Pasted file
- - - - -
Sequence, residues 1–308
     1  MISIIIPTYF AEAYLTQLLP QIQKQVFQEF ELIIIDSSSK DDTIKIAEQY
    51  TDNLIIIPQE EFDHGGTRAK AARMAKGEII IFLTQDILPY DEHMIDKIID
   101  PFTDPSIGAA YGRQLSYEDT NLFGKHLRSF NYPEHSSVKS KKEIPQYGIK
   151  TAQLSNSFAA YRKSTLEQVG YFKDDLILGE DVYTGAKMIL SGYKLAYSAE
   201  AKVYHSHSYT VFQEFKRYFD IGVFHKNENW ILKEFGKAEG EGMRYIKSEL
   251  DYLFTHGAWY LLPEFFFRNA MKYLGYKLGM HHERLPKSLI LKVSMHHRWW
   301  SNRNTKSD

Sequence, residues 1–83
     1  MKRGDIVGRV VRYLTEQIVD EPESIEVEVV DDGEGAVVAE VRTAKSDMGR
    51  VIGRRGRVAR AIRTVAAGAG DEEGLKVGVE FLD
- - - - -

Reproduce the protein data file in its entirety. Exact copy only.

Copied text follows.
Sequence, residues 1–308
     1  MISIIIPTYF AEAYLTQLLP QIQKQVFQEF ELIIIDSSSK DDTIKIAEQY
    51  TDNLIIIPQE EFDHGGTRAK AARMAKGEII IFLTQDILPY DEHMIDKIID
   101  PFTDPSIGAA YGRQLSYEDT NLFGKHLRSF NYPEHSSVKS KKEIPQYGIK
   151  TAQLSNSFAA YRKSTLEQVG YFKDDLILGE DVYTGAKMIL SGYKLAYSAE
   201  AKVYHSHSYT VFQEFKRYFD IGVFHKNENW ILKEFGKAEG EGMRYIKSEL
   251  DYLFTHGAWY LLPEFFFRNA MKYLGYKLGM HHERLPKSLI LKVSMHHRWW
   301  SNRNTKSD

Sequence, residues 1–83
     1  MKRGDIVGRV VRYLTEQIVD EPESIEVEVV DDGEGAVVAE VRTAKSDMGR
    51  VIGRRGRVAR AIRTVAAGAG DEEGLKVGVE FLD